Vivia Chen (Bloomberg Law), Why U.S. News & World Report Failed Diversity 101:
Its foray into law school diversity ranking has been a fiasco. Is this emblematic of how even some sophisticated institutions mishandle diversity?
This is not the most politic thing to say but here I go: We should stop putting old White men in charge of decisions about diversity.
I know that’s a comment that will raise eyebrows but that was my gut reaction when I heard about U.S. News & World Report’s embarrassing foray into law school diversity. That august publication just came out with its latest law school rankings, and this year’s birth was a bit of a disaster. And yes, the chieftain behind the enterprise happens to be an older White guy. ...
The effort at U.S. News also started off with good intentions. For the first time, U.S. News decided to launch a diversity scorecard based on racial and ethnic data provided by the nation’s law schools.
Then, it went off the rails. For unexplained reasons, it dropped both Asian and multiracial students from its diversity count. Law schools protested, and U.S. News recategorized Asian students as diverse. However, it continued to omit multiracial students, prompting 162 law school deans to pen a letter dated March 24 to U.S. News in protest. ...
Good grief. Does anyone at U.S. News, which commands a fearsome empire that decides the prestige of higher education institutions worldwide, need this memo that multiracial people and Asians aren’t White? ...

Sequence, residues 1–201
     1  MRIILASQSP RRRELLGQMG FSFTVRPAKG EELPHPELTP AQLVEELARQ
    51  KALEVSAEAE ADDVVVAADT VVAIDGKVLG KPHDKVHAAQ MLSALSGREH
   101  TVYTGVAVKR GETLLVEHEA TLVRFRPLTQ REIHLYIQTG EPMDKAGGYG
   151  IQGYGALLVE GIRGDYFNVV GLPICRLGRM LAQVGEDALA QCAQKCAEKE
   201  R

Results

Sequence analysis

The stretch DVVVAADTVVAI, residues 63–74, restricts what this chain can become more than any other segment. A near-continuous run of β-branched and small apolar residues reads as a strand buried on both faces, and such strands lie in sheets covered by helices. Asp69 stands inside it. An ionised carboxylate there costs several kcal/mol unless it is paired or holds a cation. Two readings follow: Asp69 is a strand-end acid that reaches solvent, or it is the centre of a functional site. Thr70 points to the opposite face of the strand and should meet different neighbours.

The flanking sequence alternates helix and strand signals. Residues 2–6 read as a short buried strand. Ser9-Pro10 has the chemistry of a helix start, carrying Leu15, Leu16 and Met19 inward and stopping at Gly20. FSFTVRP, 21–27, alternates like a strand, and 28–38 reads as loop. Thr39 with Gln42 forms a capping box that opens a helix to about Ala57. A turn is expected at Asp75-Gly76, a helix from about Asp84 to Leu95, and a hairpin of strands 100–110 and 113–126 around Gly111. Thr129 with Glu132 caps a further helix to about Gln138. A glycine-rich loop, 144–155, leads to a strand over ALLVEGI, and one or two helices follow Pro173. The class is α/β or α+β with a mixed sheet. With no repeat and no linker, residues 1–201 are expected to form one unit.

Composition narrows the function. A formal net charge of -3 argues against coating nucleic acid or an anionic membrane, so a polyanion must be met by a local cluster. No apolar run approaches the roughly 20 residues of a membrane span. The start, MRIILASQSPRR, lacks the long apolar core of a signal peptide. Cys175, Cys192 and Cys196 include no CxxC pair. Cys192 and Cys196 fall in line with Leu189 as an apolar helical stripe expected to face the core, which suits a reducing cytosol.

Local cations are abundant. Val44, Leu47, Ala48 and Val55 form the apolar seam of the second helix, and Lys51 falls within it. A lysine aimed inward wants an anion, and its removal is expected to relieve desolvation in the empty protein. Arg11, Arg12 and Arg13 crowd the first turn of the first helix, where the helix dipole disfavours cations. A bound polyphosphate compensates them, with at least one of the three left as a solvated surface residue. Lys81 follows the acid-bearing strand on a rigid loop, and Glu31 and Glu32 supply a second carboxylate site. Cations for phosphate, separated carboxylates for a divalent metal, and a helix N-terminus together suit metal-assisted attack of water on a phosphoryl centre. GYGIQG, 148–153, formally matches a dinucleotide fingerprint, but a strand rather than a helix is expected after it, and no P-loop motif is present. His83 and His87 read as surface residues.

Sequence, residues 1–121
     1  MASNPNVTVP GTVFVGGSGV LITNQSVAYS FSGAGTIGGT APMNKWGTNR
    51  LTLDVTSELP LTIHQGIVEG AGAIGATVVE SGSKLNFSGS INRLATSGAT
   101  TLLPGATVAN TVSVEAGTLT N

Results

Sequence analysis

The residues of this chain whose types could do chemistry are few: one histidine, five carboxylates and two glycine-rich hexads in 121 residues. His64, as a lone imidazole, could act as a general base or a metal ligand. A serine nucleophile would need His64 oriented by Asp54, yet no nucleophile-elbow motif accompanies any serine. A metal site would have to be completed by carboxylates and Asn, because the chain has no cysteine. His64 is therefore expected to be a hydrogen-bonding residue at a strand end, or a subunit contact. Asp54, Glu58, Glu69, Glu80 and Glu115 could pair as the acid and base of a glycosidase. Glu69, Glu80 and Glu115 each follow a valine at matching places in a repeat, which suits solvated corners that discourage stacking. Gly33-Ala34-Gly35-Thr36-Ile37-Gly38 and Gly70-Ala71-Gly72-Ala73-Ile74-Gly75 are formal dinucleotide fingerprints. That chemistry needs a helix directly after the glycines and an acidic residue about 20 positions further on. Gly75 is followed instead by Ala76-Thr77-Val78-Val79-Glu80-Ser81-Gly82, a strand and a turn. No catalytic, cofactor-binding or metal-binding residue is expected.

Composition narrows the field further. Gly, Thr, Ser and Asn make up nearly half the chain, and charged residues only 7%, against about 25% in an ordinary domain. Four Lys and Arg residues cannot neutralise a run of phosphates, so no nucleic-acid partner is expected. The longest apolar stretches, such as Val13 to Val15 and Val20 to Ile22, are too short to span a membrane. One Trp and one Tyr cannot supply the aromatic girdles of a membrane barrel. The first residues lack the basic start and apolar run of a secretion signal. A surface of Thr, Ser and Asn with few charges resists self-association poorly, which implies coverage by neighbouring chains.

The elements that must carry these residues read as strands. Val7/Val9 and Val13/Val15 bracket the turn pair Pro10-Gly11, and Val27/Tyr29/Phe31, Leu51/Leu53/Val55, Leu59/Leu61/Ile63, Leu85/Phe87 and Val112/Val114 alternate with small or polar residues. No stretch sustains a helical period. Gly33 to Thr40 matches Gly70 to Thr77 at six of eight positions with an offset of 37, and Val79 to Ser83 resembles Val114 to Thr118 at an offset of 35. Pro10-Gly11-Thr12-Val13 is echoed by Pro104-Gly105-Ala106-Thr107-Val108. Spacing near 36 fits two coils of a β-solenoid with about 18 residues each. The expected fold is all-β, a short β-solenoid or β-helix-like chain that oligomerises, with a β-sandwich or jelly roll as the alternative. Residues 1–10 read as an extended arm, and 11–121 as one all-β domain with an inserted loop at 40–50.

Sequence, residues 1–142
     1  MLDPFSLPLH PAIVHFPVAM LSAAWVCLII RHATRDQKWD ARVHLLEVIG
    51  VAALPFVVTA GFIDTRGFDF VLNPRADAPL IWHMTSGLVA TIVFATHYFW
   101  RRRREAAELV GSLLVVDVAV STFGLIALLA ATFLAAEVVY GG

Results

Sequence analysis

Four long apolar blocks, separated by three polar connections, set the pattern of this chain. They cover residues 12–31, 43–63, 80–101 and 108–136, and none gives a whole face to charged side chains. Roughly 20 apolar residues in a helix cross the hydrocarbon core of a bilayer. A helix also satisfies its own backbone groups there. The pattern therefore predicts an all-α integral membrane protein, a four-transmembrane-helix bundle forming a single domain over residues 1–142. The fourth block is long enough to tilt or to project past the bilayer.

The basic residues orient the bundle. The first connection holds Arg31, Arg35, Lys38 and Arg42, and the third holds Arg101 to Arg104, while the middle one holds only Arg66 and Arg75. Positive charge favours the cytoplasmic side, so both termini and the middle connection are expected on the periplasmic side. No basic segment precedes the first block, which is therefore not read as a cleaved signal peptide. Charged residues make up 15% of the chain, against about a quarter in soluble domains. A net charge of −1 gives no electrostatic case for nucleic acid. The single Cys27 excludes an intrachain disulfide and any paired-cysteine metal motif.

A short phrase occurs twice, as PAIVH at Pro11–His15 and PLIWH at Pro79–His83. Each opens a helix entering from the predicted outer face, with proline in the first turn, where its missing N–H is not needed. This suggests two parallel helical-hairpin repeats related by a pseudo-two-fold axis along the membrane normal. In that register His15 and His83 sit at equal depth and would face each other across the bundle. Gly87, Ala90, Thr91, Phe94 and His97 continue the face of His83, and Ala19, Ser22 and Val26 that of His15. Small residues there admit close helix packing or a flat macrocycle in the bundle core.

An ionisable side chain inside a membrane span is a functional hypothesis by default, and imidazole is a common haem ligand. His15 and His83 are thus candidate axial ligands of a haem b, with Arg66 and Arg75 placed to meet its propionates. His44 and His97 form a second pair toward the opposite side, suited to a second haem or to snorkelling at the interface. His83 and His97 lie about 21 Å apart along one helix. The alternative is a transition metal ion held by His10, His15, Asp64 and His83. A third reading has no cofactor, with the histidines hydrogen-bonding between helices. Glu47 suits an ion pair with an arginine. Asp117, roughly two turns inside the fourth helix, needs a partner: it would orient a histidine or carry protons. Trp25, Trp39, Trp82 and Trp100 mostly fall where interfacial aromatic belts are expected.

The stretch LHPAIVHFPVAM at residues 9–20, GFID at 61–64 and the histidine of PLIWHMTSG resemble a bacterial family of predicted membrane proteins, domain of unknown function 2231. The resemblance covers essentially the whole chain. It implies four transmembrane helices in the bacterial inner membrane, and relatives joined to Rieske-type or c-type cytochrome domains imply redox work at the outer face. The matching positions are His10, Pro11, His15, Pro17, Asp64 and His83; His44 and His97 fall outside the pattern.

It’s a grand mess. And the one in charge is Robert Morse, the chief data strategist for U.S. News, to whom the letter by the 162 law school deans was directed.
So what does Morse have to say about this fiasco? I asked Morse to comment and he replied in an email: “After receiving feedback, we decided to delay the law diversity ranking so we can devote more time to ensuring it accurately reflects the data of underrepresented minorities, including students of two or more races. We will publish it at a later, as yet undetermined date.”
I pressed further. Why were Asians and multiracial students excluded from the diversity calculus in the first place? He answered: “We do not share our internal editorial deliberations and decision-making, but we can share that we received feedback that will help shape our rankings.”
I am not here to make Morse the villain of the show. ... Still, as an Asian woman and former lawyer, I want to ask him, what the hell were you thinking? The whole episode underscores how even sophisticated people in the “woke” world of mainstream media can fail spectacularly to grasp the fundamentals of what it means to be a minority and how hurtful it is not to be acknowledged as such.